Jerome Powell took office as the new Federal Reserve chairman on Monday. And a global currency war could be just around the corner.
Since the beginning of the year, the US dollar index has basically entered a medium-term downtrend.
The dollar has weakened against other major currencies like the euro, Japanese yen and China’s yuan.
The strength of the yuan has been underpinned by China’s better than expected economic growth and tightening monetary policy.
Premier Li Keqiang said last month that China’s 2017 GDP growth was expected to be around 6.9 percent, with foreign exchange reserves rising.
A number of other factors also contributed to the stronger yuan, including tighter restrictions on foreign exchange settlement and offshore investment as well as financial deleveraging initiatives.
The dollar rallied after minutes of the latest Federal Open Market Committee meeting showed that US inflation is likely to keep going up for rest of this year.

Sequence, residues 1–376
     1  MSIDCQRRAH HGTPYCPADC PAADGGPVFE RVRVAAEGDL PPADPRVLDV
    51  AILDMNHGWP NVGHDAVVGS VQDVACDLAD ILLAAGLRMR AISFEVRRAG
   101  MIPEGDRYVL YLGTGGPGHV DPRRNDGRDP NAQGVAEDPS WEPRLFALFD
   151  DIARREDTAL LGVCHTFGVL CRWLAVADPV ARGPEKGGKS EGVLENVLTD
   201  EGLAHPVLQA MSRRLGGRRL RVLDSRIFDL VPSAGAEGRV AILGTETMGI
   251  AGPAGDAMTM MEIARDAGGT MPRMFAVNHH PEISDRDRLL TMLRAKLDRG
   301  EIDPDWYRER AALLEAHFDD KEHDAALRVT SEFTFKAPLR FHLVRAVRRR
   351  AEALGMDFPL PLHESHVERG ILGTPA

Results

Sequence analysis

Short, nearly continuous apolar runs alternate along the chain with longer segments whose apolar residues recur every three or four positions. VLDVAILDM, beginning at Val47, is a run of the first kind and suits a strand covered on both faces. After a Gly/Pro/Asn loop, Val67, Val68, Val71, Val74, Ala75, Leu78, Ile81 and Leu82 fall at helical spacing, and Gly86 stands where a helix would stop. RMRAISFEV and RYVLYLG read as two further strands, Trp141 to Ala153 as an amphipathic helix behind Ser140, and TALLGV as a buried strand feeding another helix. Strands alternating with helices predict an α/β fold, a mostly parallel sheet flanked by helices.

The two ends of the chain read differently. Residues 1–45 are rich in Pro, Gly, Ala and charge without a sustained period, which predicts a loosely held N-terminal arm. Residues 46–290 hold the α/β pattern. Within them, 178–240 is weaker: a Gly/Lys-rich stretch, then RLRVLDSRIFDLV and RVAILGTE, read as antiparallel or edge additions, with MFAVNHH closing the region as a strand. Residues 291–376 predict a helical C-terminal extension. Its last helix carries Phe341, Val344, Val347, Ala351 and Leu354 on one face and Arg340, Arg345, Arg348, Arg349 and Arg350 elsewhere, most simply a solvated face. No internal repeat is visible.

But the greenback is likely to remain weak under US President Donald Trump’s trade policy, and would continue to put appreciation pressure on the yuan.
The daily fixing rate from the People’s Bank of China hit a new high on Jan. 25, the highest level since December 2015, following a nearly 6 percent gain in 2017.
As an overly strong yuan would be negative for China, the central bank may lower the daily fixing rate or use counter-cyclical adjustments to offset the currency appreciation pressure.
The full article appeared in the Hong Kong Economic Journal on Feb 5
Translation by Julie Zhu
[Chinese version 中文版]
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